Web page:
By Yolanda Smith, BPharm
There is a considerable amount of scientific research on the subject of melanoma development and treatment, which has progressed particularly rapidly in recent decades.
The MITF gene is considered to play an important role in the pathogenesis of melanoma, as it is responsible for the production of the transcription factor that synthesizes melanin.
Studies have shown that ultraviolet radiation may lead to an alteration in the p53 transcription factor and increased production of melanocyte-stimulating hormone (MSH), which binds to melanocortin 1 receptors (MC1R) and increases the expression of MITF. This provides a potential target for specific therapies for melanoma.
The National Cancer Institute (NCI) is in the process of developing gene therapy and other novel treatments for use in the management of melanoma.
Adoptive cell therapy (ACT) is a technique that utilises tumor-infiltrating lymphocytes (TILs), which are isolated from the tumor and then grown in a laboratory culture. The can then ne readministered to a patient following a treatment to reduce the concentration of T cells in the body.
Additionally, genetically altered autologous lymphocytes can be transferred to the patient, to deliver genes that are responsible for the encoding of T cell receptors in the lymphocytes. These can be manipulated to target abnormal cells of the metastatic melanoma and induce apoptosis.
There has also been some interest in a vaccination to boost the ability of the immune system to fight the abnormal cancerous cells of melanoma.
A mutation in the B0Raf gene has been identifies in approximately 60% of melanomas, which may present a via treatment target for the future.
Initial trials of B-Raf inhibitors such as vemurafenib suggested a positive response in most patients that exhibit the gene mutation, which was confirmed by successive studies in 2011. The led to the FDA approval for the drug later that year, indicated for advanced melanoma.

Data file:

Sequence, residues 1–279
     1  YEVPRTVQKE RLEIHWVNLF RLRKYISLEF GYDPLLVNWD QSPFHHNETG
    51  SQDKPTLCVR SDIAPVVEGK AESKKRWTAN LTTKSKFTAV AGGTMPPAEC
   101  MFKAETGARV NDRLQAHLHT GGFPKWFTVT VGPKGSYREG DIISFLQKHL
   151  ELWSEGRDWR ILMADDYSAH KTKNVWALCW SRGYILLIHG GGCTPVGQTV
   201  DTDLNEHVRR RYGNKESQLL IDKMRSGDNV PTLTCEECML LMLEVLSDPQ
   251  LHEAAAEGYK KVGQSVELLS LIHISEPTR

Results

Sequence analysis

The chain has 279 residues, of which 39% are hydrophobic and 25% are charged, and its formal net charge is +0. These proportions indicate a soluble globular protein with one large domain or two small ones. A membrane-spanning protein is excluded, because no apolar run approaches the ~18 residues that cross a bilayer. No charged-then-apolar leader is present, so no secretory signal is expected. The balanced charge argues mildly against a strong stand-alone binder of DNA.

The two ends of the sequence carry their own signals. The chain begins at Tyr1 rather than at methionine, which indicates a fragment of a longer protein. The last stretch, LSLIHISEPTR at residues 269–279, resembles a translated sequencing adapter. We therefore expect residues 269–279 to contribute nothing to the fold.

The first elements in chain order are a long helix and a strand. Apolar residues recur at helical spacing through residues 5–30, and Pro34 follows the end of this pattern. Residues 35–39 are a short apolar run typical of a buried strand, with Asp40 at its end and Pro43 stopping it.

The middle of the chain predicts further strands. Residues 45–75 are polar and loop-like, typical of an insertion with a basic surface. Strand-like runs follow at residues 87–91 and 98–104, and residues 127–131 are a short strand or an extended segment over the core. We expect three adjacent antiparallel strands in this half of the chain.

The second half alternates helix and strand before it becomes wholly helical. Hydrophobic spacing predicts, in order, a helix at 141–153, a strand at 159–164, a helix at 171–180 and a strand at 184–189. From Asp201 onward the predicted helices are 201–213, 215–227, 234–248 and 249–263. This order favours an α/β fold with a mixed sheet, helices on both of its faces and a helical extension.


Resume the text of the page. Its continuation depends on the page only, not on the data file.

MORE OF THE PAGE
Other B-Raf inhibitors such as dabrafenib have since been studied, with more effective results than patients with chemotherapy. As a result, dabrafenib was approved for use by the FDA in 2013.
The efficacy of B-Raf inhibitors may be improved if used in combination with other treatments, as the inhibition of multiple growth pathways may help to reduce the growth of cancerous cells. There has been some scientific evidence to support this notion, however, adverse effect notably increased with the combination also.
Research studies have found administration with monoclonal ipilimumab increases the median survival significantly in patients with advanced melanoma, from 6.4 months to 10 months. Additionally, the survival rate at one year was increased for patients with ipilmumab therapy, in contrast to an experimental vaccine.
However, some researchers have questioned the credibility of this study, as the control group used an experimental vaccine, rather than a placebo or standard treatment in use. Thus, further research is required in this area to confirm this suggestion.
Ipilimumab has also been evaluated in combination with dacarbrazine, which was associated with an increased median survival rate but increase side effects and high cost to treatment.
In addition to pharmaceutical advances in research, there are some other methods that are being investigated for use in the treatment of melanoma.
High-resolution ultrasound scanning can aid in the surveillance of the metastatic melanoma and the involvement of lymph nodes. The SUNMEL trial focused on the utility of surveillance with ultrasound to substitute invasive surgery that may not be required.
Additionally, oncolytic virotherapy is being considered as a future treatment option for melanoma in some countries. This technique uses oncolytic viruses to alter metabolism, anti-tumor immunity and vasculature.
Last Updated: Nov 12, 2015